“the only nation which does not provide national Parliament representation for their overseas territories … Indeed, the UK is on its own, stuck in a timewarp of not progressing to national Parliament representation for all its territories.”
MP Anthony Webber, proposer of controversial bill
(CMR) The Cayman Islands could have its own elected MP in the British parliament but critics warn this is not something to celebrate.
A UK bill proposing that nine elected MPs can represent the Overseas Territories in the UK parliament is causing a stir in the commonwealth and beyond. Critics argue it would not benefit most overseas territories and in fact, is likely to have the opposite effect.
Who can vote for an MP is too wide says local critics because it allows any British or Commonwealth citizen residing in Cayman to vote. Making such a fundamental change to the relationship between the UK and the territory should be one that has input from the actual territories it has been argued.
The draft legislation, entitled Representation of the People, Crown Dependences and Overseas Territories Bill, was submitted to the UK Prime Minister Boris Johnson in March. It was drafted by UK MPs John d. Penrose and Andrew R. Rosindell as well as a member of the Friends of the British Overseas Territories (FOTBOT) and former member of the States of Guernsey, Anthony Webber.
The proposers claim that the bill would give a voice to the Overseas Territories and Crown Dependencies who currently have no official representation in parliament who do make decisions that impacts them. They argue that other territories ran by the French, Dutch and Danish already have this greater level of presentation and that the UK is outdated.
The proposed bill would allot six MPs from the OTs and three for the Crown dependencies of Guernsey, Jersey and Isle of Man.
The breakdown would include one for Gibraltar, including the Sovereign Base Areas of Akrotiri and Dhekelia, and the British Indian Ocean Territory; one for St Helena and the Falkland Islands, including the UK’s southern Atlantic islands and Pitcairn in the Pacific and one for the [British] Virgin Islands, Anguilla and Montserrat; a single MP for the Cayman Islands, another for the Turks and Caicos Islands and one MP to represent Bermuda.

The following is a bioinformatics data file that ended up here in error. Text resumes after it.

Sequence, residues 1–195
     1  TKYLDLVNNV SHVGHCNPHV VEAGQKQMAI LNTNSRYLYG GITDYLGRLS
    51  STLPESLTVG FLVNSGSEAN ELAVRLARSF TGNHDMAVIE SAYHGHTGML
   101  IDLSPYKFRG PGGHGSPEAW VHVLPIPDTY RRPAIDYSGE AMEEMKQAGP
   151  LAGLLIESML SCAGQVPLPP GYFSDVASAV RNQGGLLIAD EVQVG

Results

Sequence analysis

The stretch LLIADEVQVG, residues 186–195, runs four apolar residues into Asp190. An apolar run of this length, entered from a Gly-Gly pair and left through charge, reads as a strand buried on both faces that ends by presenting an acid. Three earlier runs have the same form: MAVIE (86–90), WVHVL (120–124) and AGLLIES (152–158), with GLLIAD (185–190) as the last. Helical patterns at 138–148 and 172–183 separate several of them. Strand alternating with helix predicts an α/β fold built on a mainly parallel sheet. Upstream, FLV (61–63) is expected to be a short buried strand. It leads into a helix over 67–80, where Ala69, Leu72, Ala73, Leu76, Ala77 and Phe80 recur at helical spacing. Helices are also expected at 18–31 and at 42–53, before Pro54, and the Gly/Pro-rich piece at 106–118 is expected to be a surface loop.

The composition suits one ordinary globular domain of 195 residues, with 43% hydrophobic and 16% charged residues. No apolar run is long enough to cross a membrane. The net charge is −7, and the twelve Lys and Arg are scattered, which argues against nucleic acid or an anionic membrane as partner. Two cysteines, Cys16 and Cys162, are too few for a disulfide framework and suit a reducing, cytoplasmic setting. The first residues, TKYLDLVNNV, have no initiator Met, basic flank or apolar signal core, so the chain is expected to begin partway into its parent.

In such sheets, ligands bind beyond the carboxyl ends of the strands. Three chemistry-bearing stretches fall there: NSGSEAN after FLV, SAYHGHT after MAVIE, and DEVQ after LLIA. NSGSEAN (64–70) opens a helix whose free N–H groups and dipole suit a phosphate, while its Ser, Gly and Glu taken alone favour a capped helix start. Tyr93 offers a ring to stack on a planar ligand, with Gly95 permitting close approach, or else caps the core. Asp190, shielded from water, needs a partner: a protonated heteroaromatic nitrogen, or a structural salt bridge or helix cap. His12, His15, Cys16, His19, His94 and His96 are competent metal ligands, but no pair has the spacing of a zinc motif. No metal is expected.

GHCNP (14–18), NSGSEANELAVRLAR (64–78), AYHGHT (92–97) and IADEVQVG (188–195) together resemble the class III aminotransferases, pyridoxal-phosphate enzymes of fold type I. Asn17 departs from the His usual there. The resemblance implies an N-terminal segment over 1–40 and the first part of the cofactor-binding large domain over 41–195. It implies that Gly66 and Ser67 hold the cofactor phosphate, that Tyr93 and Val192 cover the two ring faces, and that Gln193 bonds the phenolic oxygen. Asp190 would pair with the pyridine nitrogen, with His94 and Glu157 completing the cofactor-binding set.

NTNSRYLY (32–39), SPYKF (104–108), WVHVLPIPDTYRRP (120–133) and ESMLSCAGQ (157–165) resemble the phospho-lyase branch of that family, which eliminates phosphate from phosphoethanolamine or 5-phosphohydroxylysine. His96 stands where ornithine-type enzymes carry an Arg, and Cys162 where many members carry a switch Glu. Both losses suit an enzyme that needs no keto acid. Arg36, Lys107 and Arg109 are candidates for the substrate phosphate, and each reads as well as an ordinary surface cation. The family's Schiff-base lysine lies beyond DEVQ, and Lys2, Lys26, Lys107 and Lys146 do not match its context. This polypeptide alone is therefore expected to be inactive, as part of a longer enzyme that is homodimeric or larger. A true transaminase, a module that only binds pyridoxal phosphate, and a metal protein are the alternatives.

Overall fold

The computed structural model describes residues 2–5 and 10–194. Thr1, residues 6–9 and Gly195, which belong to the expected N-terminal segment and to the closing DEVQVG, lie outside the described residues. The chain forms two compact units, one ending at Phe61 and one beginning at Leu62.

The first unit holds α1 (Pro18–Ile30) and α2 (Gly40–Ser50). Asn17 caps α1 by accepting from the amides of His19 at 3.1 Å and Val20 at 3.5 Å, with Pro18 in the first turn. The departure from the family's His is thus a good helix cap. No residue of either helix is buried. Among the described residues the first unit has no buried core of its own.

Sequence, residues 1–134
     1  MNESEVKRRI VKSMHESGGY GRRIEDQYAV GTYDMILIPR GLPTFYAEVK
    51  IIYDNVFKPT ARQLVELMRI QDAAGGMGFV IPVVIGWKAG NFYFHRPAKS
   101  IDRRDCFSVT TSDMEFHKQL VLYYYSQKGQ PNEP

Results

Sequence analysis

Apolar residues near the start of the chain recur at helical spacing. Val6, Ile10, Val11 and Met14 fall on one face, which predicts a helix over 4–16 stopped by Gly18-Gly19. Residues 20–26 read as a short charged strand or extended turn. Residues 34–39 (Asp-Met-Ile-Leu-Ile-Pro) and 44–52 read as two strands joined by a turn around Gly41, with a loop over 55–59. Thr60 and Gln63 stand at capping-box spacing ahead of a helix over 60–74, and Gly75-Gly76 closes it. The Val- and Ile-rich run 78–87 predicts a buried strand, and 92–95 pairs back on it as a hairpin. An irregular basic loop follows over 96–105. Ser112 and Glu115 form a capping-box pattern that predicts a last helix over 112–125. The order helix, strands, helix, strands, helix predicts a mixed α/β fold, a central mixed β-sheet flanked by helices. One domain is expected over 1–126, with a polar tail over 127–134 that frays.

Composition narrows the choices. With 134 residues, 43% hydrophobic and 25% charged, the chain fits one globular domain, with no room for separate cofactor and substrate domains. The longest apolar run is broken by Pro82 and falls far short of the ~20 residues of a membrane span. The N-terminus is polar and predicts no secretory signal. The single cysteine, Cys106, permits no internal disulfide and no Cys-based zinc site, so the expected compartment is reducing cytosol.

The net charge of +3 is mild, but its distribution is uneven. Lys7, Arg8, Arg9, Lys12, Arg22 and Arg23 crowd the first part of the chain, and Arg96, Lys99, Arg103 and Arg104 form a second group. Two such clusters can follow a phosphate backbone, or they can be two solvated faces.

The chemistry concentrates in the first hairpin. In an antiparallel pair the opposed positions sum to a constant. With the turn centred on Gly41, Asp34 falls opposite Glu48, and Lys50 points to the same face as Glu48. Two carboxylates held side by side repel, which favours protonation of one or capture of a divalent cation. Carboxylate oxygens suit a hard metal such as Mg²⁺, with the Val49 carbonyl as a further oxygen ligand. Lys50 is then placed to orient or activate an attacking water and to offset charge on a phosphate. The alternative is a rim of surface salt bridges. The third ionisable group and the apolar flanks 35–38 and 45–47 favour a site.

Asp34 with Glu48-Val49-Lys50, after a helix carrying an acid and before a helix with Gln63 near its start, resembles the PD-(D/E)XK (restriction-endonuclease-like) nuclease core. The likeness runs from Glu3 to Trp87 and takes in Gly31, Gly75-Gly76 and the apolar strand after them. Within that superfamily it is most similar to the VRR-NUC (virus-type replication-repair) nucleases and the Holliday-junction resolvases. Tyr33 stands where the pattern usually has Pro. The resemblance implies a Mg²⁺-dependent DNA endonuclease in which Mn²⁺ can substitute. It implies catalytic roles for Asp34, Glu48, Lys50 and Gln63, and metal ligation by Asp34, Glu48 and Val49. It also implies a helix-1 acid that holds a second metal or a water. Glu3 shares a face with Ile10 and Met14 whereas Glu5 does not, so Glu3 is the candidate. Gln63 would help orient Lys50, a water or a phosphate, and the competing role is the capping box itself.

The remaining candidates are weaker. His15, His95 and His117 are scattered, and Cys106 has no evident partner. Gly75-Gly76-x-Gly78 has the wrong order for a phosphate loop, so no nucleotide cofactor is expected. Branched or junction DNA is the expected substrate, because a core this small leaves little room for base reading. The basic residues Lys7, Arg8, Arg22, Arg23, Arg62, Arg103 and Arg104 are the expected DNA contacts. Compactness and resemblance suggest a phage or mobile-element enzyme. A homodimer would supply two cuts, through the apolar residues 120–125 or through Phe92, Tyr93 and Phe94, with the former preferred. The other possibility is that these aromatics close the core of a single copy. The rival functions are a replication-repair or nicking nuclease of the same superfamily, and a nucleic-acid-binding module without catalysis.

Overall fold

The UK would foot the bill for the election costs and MP salaries and expenses.
However, the Bill allows for any British or Commonwealth Citizen residing in the overseas territories the right to run for the office of MP to Westminster a point that local critics argue would not truly represent the voice of the Caymanian people.
This aspect of the proposal does not sit well with local legislators who spoke exclusive to CMR. One shared his sentiments:
“Any BOT or UK citizen living here can run and represent us in the UK Parliament if it passes. So basically we (Caymanians) are only good enough for local representatives, if we want a seat in their house they want to open up the requirements to run so their citizens can run.”
Alva Suckoo (Newlands) shared his concerns about this proposal:
“This proposed bill highlights the concerns I raised about the FAC report recommendations and why I brought my motion regarding Belongership. I think we should all be concerned when changes to who can best represent our people are proposed without the support of Caymanians and the elected local representatives. To propose changes to our electoral system without consulting the people it will impact is draconian and very troubling. What this proposal is suggesting is that it is ok for Caymanians to serve as representatives in our local Government but NOT in the UK Parliament. I cannot support that sort of thinking.”
The relationship with the UK has been strained at times including most recently with the issues of domestic partnerships and the beneficial ownership registry. No other OT or CD has gone on record as supporting this initiative. In fact, the President of the Isle of Man, Tynwald Steve Rodan MLC has shared:
“Needless to say no one in the Isle of Man has been asked if this is what we want, which is presumptuous arrogance on the part of the authors of this Bill.
It is romantic tripe on the part of A. Rosindell and his friend in Guernsey and should be discounted.”
Bermuda Tonight also addressed the issue earlier in the year: